Countries contemplate its relationship with Myanmar as aftermath of the coup unfolds

As the international community continues to deliberate how to respond to the coup in Myanmar, experts think while the coup will complicate China’s political and economic interests in the country, if western governments decide to impose sanctions on Myanmar, it would likely push the country into China’s arms.

Two days after Myanmar’s military staged a coup, several countries around the world have weighed in on the turbulent situation in the country. The U.S. has officially branded the move as “coup” while China hopes all sides in Myanmar can properly settle their differences under the constitution and law.

Some experts think the reason why Myanmar’s military choose to stage the coup now is because after Aung San Suu Kyi’s ruling party secured a landslide victory in the election last year, the conservatives in the military worry that the next senior general won’t be able to assert military power over the civilian leadership, given the high level of support that Aung San Suu Kyi has attracted.

Even though Myanmar’s constitution guarantees that the military controls 25% of the seats in the parliament and they are also in charge of the defense, interior and border affairs ministries, some experts think the civilian government’s high level of support could further weaken the military’s control over Myanmar’s domestic politics.

“Some have noted that a number of senior military officials seem incapable of accepting that Aung San Suu Kyi has retained her popularity after a somewhat difficult first five years in power, and this seems to have boosted the sense that fraud must have been involved in the election,” said John Lichtefeld, Vice President of the Asia Group based in Washington D.C.

Myanmar’s complicated relationship with China

A few hours after the coup on Monday, the international community immediately looked over to China’s reaction and began to wonder how the coup would impact Beijing’s political and economic interests in Myanmar.

According to Avinash Paliwal, an expert on Southeast Asian politics at SOAS, University of London, the current military leaders in Myanmar have been wary of the Chinese government due to several reasons. “They viewed Aung San Suu Kyi’s deepening relations with Beijing as a sign of enabling her to further outmaneuver the military in politics,” said Paliwal.

“Additionally, China allegedly supports the Arakan Army in Myanmar’s Rakhine State, with whom the military has been fighting bloody battles in recent years.”

Paliwal thinks that based on the statements issued by Beijing over the last few days, the Chinese government might consider recalibrating its ties with military leaders in Myanmar, while continuing to build upon the progress that the civilian government has made in the China-Myanmar-Economic-Corridor.

However, Paliwal thinks the coup also reflects the limits of Beijing’s influence in Myanmar. “The fact that Beijing couldn’t stop the coup implies that the most China can do in Myanmar is hedge its bets,” said Paliwal.

John Lichtefeld from the Asia Group thinks that the engagement with Chinese Foreign Minister Wang Yi in January may have given Myanmar’s military leaders some comfort as it considers its options. Myanmar’s military also held a meeting with the Russian Defense Minister Sergei Shoigu in late January while India has sent Myanmar’s military a submarine. These incidents show that China is not the only foreign power that Myanmar’s military has been interacting with.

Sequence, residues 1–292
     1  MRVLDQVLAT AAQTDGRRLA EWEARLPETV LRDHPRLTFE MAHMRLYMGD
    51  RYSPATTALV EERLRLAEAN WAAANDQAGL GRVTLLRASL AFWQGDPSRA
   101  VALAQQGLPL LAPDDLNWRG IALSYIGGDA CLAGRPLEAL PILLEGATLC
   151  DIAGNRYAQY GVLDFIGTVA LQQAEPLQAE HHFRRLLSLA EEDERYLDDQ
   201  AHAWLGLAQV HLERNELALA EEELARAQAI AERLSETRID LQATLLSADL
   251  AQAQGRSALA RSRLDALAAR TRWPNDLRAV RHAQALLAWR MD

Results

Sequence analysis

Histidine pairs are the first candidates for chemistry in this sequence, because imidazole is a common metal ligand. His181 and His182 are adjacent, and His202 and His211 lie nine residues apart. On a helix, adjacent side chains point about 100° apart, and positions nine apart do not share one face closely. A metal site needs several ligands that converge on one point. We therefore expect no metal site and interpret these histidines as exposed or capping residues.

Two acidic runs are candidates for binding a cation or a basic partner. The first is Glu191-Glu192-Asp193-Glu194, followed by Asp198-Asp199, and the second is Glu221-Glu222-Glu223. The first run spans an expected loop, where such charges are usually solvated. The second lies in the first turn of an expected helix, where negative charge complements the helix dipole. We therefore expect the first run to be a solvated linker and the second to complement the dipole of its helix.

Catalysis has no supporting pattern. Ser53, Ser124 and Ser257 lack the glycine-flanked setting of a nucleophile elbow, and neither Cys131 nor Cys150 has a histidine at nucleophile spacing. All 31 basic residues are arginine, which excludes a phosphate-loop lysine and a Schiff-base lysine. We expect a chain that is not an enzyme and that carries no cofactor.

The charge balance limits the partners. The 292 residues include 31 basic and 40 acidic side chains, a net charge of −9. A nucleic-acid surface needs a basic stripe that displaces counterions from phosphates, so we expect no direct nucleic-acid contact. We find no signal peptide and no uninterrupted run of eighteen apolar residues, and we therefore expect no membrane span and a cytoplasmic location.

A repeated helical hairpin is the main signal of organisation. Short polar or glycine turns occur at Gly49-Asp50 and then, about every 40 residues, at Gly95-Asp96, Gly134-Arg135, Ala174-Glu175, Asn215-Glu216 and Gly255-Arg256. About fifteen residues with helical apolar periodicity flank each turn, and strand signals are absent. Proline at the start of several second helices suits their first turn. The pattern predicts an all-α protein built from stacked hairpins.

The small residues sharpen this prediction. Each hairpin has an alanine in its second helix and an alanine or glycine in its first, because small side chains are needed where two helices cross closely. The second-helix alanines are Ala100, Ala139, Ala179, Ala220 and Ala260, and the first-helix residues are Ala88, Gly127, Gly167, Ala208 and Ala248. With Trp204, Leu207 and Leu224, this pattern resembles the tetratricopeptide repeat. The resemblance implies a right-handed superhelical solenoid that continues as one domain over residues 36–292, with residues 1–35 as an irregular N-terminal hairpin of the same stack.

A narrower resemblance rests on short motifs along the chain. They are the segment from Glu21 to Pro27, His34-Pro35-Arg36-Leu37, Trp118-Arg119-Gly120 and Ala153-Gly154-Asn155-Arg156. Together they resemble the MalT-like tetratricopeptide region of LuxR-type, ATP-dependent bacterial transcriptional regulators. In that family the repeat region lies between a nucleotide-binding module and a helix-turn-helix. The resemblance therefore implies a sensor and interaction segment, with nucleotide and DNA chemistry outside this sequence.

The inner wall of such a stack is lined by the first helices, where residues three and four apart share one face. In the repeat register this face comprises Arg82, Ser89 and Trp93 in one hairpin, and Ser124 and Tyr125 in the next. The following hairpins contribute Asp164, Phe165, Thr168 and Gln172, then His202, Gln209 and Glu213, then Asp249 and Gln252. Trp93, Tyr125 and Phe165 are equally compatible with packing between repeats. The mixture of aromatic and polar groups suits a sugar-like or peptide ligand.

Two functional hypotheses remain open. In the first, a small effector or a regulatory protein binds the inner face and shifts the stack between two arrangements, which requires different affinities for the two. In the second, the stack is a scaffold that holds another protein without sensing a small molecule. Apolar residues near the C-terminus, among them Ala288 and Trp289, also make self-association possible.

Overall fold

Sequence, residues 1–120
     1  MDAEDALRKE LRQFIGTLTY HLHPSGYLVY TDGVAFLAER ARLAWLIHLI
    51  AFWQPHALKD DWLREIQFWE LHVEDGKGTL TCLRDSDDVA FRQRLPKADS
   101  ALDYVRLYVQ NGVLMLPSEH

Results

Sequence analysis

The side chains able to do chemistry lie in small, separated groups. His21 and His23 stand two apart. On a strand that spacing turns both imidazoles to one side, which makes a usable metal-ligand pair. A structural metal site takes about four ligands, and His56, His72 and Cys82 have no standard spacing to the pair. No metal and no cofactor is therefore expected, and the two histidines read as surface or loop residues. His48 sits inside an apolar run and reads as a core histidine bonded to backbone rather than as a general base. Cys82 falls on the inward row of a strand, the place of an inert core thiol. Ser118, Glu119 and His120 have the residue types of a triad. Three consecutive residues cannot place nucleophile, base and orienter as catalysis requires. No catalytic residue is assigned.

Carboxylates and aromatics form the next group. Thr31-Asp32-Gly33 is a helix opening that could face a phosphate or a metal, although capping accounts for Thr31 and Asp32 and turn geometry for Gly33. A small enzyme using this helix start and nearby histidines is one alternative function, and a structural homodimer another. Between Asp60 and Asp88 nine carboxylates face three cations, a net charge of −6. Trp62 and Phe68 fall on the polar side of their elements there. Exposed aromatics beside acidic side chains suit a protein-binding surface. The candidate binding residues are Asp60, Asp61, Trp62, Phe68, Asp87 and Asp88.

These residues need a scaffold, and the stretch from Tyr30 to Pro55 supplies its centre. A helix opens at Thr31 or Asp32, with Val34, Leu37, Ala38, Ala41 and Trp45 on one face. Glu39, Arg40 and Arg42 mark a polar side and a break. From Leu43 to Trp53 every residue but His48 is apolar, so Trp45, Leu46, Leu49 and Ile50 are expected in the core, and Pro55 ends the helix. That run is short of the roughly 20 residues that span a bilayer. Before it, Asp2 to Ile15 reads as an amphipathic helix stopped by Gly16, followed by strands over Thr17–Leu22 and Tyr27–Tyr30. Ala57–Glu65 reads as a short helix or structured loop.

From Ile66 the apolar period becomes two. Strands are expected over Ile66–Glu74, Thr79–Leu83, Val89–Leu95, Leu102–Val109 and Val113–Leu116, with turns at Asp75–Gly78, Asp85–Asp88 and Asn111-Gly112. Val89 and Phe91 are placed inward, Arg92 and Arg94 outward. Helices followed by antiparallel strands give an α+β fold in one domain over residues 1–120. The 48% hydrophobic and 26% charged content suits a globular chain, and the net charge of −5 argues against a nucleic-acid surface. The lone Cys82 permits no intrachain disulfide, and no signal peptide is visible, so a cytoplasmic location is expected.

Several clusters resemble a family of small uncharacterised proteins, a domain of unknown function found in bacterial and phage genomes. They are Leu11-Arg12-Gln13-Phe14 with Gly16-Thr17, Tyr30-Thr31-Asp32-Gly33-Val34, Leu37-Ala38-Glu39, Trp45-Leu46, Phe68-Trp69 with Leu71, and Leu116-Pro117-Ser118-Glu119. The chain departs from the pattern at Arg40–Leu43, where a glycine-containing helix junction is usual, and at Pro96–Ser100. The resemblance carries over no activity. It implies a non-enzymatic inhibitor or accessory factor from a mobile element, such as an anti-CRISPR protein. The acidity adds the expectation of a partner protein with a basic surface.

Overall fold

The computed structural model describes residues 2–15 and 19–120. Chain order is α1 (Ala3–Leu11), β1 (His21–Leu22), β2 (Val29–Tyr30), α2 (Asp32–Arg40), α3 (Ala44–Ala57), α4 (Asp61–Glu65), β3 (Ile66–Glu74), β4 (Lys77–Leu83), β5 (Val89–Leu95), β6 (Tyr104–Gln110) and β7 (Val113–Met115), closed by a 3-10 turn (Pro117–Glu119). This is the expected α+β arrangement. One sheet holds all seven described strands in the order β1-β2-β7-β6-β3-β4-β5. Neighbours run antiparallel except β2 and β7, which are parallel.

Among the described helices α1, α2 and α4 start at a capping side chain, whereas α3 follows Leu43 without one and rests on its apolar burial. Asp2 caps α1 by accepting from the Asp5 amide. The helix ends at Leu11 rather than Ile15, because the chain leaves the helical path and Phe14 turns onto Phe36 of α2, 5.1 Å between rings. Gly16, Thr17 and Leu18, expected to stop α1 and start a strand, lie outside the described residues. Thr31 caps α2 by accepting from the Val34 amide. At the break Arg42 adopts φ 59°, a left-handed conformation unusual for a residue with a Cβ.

“The Tatmadaw has historically been far more concerned with domestic affairs than with foreign relations,” said Lichtefeld. “As long as the generals sense they will be protected by friends in Moscow and Beijing on the international stage, their decisions are likely to be more influenced by internal matters.”

Following Beijing’s response to the coup, Paliwal thinks Myanmar’s military leaders might view it as a sign that Beijing is accepting military hegemony as “an enduring fact” in Myanmar.

“The military might seek tactical changes in the China-Myanmar-Economic-Corridor projects and continuous subdued reaction to Suu Kyi’s legal fate in the coming months,” Paliwal explained.

Western sanctions might push Myanmar towards China

As western countries consider whether to impose sanctions on Myanmar or not, some experts think sanctions may not impact the military’s strategic calculus. Paliwal points out that western sanctions might even push Myanmar into China’s embrace. “What will be different this time is that democracies such as India will continue engaging with the Tatmadaw and distance themselves from the West on Myanmar,” he said.

However, Paliwal also thinks western sanctions will hurt the people of Myanmar the most, while its effect on military leaders will be limited as they can continue to access international finance and capitals through China.

Lichtefeld suggests that if companies controlled by the military are targeted by western sanctions, there could potentially be serious economic repercussion, as these companies are deeply enmeshed in Myanmar’s economy.

The end of Aung San Suu Kyi’s political career?

Following the coup, all sides are paying close attention to how the military might treat the civilian leader Aung San Suu Kyi. Some think it is likely that the military will use the coup to end her political career.

“Given the support she commands among the Bamar majority, she’ll continue to threaten the Tatmadaw,” said Paliwal. “No other party or leader has that capability in the civilian political landscape of Myanmar. The Tatmadaw is unlikely to let a similar figure emerge anytime soon.”

Lichtefeld warned that if the military found a way to permanently ban Aung San Suu Kyi from the political scene, it could have serious consequences for the perceived legitimacy of any “elected” government in the future.

This piece was first published in Mandarin on DW’s Chinese website.